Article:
- Despite increasing suspicion, negotiations between government and the medical profession continued (nurses and other health care employees were not included, but insurance fund representatives were). Compromise agreements were reached and released in a White Paper which included the statement:
- The program will generously support private enterprise in the supply of medical and hospital services.
- The compromise deal transferred to the medical profession responsibility for disciplinary powers over false or excessive Medibank claims. It upheld professional standards (suggesting extension of peer review). It decided that the funds could insure for the gap between benefit levels and doctors” fees, and could act as agents for the new scheme, Medibank.
- A Nurses Education Board was established which took control of nurse education from under the Minister of Health and gave it to the Minister for Education who was to nominate a Registration Board. Colleges of Advanced Education rather than hospitals became the locus of nurse education. This was heavily criticised by doctors.
- The Whitlam budget extended Commonwealth funding to community health services, mental health, and alcoholism and drug dependency services.
- The NSW Health Department was established to replace the NSW Health Commission. It began to regionalise health administration.
- A program of legislation began to provide funds for the ALP-Deeble-Scotton programs. A vigorous injection of capital encouraged the growth of the public hospital system.
- Whitlam’s Capital Cities Hospital Development Program started specific purpose grants to States to upgrade hospitals.
- Continuing disagreement between the federal government and the AMA over fees led to an independent inquiry headed by Norman McIntosh to report on the conflict.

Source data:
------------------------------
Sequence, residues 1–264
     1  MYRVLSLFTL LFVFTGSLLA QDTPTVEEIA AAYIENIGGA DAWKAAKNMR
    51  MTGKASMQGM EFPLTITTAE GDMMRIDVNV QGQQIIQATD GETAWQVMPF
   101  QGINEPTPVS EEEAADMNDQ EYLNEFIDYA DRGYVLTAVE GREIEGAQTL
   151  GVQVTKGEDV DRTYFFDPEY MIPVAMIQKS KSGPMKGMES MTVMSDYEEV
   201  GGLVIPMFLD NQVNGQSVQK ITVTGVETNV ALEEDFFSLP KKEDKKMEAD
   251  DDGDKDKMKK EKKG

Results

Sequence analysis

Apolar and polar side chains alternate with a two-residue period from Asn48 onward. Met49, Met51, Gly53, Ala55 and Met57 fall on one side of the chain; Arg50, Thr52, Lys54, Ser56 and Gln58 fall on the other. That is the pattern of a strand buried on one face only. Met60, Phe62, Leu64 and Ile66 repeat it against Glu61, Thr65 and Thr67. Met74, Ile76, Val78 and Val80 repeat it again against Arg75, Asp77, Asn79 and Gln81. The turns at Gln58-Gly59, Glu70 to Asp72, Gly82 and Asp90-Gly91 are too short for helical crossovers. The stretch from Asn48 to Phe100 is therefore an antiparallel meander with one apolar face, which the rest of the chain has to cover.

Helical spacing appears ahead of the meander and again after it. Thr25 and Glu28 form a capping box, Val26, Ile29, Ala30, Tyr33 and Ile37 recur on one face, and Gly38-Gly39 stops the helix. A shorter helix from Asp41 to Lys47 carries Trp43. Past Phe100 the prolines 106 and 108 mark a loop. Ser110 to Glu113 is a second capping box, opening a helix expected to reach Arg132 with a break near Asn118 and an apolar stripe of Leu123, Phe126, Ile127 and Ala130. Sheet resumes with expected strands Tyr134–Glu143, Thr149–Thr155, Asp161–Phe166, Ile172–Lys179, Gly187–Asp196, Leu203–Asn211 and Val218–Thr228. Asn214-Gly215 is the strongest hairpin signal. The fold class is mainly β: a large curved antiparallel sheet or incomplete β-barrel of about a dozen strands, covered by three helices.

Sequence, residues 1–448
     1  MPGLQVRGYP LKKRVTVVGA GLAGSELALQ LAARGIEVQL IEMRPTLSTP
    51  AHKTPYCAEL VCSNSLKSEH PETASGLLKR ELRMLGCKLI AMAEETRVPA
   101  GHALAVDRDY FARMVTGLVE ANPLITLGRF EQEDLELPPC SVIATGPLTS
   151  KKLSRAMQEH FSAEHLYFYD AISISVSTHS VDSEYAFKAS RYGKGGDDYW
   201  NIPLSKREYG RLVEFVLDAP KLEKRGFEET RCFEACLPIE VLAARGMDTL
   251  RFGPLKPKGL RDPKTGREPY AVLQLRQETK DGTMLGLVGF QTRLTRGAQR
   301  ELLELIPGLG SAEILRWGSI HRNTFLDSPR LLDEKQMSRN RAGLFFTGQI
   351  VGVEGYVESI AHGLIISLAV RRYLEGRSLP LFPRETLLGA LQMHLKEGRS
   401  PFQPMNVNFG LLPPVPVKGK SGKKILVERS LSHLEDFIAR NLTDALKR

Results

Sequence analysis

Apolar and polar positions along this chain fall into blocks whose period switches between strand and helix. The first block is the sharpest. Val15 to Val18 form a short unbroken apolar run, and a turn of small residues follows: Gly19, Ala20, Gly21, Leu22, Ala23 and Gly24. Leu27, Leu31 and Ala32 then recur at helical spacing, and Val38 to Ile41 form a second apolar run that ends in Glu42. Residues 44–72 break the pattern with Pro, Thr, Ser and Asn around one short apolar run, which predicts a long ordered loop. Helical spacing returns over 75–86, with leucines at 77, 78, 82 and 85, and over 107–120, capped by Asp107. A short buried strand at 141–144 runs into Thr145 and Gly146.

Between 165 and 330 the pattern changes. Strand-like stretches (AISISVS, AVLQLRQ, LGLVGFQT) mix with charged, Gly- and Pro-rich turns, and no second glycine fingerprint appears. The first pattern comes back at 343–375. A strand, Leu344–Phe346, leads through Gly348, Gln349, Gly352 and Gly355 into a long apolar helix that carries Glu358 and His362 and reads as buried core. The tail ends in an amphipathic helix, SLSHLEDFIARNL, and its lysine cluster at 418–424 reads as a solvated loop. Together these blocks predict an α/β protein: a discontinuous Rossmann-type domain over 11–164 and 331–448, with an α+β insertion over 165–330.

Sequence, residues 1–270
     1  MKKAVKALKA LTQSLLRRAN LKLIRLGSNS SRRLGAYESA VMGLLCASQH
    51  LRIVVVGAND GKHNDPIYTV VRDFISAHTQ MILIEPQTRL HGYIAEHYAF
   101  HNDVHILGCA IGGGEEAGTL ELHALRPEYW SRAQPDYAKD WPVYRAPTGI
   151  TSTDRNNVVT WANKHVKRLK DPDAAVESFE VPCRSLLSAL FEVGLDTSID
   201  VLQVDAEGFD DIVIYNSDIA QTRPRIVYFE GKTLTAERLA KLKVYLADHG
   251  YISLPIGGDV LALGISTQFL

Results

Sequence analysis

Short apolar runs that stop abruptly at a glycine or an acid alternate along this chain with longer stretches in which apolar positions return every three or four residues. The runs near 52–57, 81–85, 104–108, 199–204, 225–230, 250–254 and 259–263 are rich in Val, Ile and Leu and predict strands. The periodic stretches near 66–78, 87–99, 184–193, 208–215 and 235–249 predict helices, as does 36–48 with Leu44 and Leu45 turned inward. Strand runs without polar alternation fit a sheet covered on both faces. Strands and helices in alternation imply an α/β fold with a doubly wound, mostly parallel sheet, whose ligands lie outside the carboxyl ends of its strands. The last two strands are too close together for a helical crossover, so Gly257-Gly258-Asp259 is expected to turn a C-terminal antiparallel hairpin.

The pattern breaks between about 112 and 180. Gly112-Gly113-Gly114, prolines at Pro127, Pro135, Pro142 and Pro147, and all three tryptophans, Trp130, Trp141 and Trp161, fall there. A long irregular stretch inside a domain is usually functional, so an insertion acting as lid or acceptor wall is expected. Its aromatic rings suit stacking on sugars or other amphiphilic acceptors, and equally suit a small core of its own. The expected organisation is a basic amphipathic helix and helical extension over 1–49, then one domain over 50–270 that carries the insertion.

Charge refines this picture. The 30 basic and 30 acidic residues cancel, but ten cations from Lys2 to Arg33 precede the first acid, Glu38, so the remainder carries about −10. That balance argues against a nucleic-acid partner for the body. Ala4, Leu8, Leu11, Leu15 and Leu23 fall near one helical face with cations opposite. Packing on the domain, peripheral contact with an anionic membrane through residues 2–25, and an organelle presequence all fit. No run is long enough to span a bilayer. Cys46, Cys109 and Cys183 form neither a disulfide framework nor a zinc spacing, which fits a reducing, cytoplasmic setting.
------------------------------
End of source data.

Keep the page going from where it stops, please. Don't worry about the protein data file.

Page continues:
- A meeting of the Australian College of Surgeons proposed that another body be established more appropriate for conducting political and industrial activity of behalf of surgeons. The Australian Association of Surgeons (AAS) was set up in 1975.
- The Doctors Reform Society (DRS) was formed by doctors at the Monash Medical School in Melbourne to express their disagreement with the AMA’s opposition to the ALP Medibank proposals. It attracted mainly government-salaried and student doctors. It claimed, at its peak, to have 1000 members. The DRS rejected fee-for-service. It wanted the majority of doctors to be salaried doctors and the minority in private practice to be paid on a capitation basis or become part of health management organisations (HMOs). Almost always, the DRS supported Federal and State government intervention during conflicts between the state and the profession. In was begun by those who wished to dissociate themselves from the AMA’s critical attitude to Labor’s Medicare.
- The Free Independent Doctors of Australia was formed.
- The Senate twice rejected the Health Insurance Commission Bill. A double dissolution of federal Parliament was called. A joint sitting of Parliament passed two of the HIC Bills but another Bill to levy a1.35% tax on income was defeated. This forced the federal government to finance the Medibank scheme out of general revenue.
- Medibank came into operation four months before the dismissal of the Whitlam government. Medibank embraced the idea of a universal citizen right to health care. It stated its principal aims as universality, equity, and efficiency. It was based on the Deeble-Scotton proposals and involved:
- Doctors providing services in public hospitals were either salaried or on sessional payments. (Some doctors refused payments of this type and continued to act as honoraria’s.)
- The Commonwealth government paid half the operating costs of public hospitals including the cost of drugs used.
- States agreed that outpatient and in-patient services be free to patients who elected to be “hospital patients”.
- Private hospitals got lesser bed day subsidies. Medibank paid doctors for services in private as well as public hospitals.
- Health insurance funds were allowed to cover the gap.
- Doctors strongly opposed bulk-billing and sessional payments to Visiting Medical Officers (VMOs).
- PBS item costs increased from $1.00 to $1.50 for general benefits and from 50 to 75 cents for subsidised MBS beneficiaries.
- The Labor government sought to reduce the cost of drugs by buying the Fawnmac group of pharmaceutical manufacturing companies in order to compete with private industry.